The above would be the questions that the spouse that stays at home and cares for the children, however the bread winner wants a different question answered. They want to know what they should be earning in the new country and this is where an international cost of living salary calculator like Xpatulator can be relevant to you.
Xpatulator gives you the answers you are looking for dependant on the questions you answer in the Cost of Living Calculator. It will determine what your salary in the new country should be to maintain your standard of living. Why, you may ask? Because $100 000 may sound like a fabulous salary, however if your cost of living in the country you are moving too is extremely high, it may not cover your costs on a monthly basis. With the calculator, you can determine whether or not you will be able to afford to live in the new country. The calculator will work out the salary you should be earning if you have to cover all costs, or if your company will cover some of those costs for you. They also cover the Negative Cost of Living and Negative Hardship.
What are these you ask with horror? Negative Cost of Living refers to a location that has a lower cost of living than the country you are living in and selecting to use this will result in a proportional decrease in the salary required e.g. if you had to move from London to Zimbabwe you will find the cost of living will be lower (negative difference).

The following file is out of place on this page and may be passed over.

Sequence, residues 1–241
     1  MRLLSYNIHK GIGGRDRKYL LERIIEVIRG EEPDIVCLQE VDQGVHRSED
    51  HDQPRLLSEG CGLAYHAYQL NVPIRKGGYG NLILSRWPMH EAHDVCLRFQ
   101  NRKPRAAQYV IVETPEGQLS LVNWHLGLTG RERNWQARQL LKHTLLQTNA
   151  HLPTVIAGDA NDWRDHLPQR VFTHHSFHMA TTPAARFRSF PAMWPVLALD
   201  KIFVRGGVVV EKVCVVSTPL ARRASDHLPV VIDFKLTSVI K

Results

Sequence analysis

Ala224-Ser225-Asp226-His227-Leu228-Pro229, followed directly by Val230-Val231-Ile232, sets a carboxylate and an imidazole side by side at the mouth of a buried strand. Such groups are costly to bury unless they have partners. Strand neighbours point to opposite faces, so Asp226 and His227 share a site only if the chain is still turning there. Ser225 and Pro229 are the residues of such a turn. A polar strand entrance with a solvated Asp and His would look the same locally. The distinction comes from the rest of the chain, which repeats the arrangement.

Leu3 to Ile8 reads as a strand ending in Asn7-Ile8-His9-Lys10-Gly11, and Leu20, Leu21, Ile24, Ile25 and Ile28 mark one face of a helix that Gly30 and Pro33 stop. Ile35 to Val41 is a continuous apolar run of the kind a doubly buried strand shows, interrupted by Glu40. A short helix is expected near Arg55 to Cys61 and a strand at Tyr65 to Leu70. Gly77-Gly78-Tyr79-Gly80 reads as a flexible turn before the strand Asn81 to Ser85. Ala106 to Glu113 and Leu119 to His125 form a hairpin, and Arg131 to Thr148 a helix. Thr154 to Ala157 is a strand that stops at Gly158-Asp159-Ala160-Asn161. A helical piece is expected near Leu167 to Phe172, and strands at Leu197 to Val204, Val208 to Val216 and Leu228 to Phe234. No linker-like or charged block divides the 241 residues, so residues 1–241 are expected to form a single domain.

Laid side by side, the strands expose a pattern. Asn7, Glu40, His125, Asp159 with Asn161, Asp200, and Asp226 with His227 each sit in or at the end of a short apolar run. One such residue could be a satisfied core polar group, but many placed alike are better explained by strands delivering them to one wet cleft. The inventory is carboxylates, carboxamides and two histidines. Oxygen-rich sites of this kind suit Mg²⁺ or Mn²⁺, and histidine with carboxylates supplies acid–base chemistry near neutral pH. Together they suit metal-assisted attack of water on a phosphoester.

Negative Hardship refers to less hardship in the new location e.g. if you had to move from Zimbabwe to London you will find that your quality of living will be easier (negative difference).
So before you disregard the importance of what you need to earn when moving to a new country, take all aspects into account. At the end of the day what you will earn, will determine the school, home, medical facilities and entertainment you will be able to afford. So the secret to moving from one country to another, may be your emotional stability and happiness in the new location, however this is often determined by how much money is sitting in your bank account.
Thursday, August 21, 2008
The Expatriate Market is largely determined by the origin of each Expatriate. It is quite normal to have considerable differences between Expatriates doing exactly the same job, in the same country. These differences are largely caused by three factors:
- The Cost of Living difference between the Home Country (country of origin) and Host Country (where they work)
- The Relative Hardship difference between Home and Host Country. For example, ,moving to a country where more day to day hardship will be experienced, would normally result in more pay to compensate for the hardship.
- The Exchange Rate difference between the Home and Host Country
On the other hand the Local Market is largely determined by local supply and demand for skills.
Depending on a number of factors, such as the availability of skills, rate of economic growth, and the type of economy, the percentage of expatriates versus locally employed people will vary.
Expatriate Pay is typically calculated by using the Expatriates salary in their Home Country as the start point and by calculating an appropriate salary in the Host Country using the Cost of Living difference, relative hardship, and exchange rate. This is either done using a company in-house policy or using an international relocation calculator.
Local Pay is typically determined by the prevailing market salary levels. These salary levels are typically reported in salary surveys run by independent Remuneration Consultancies.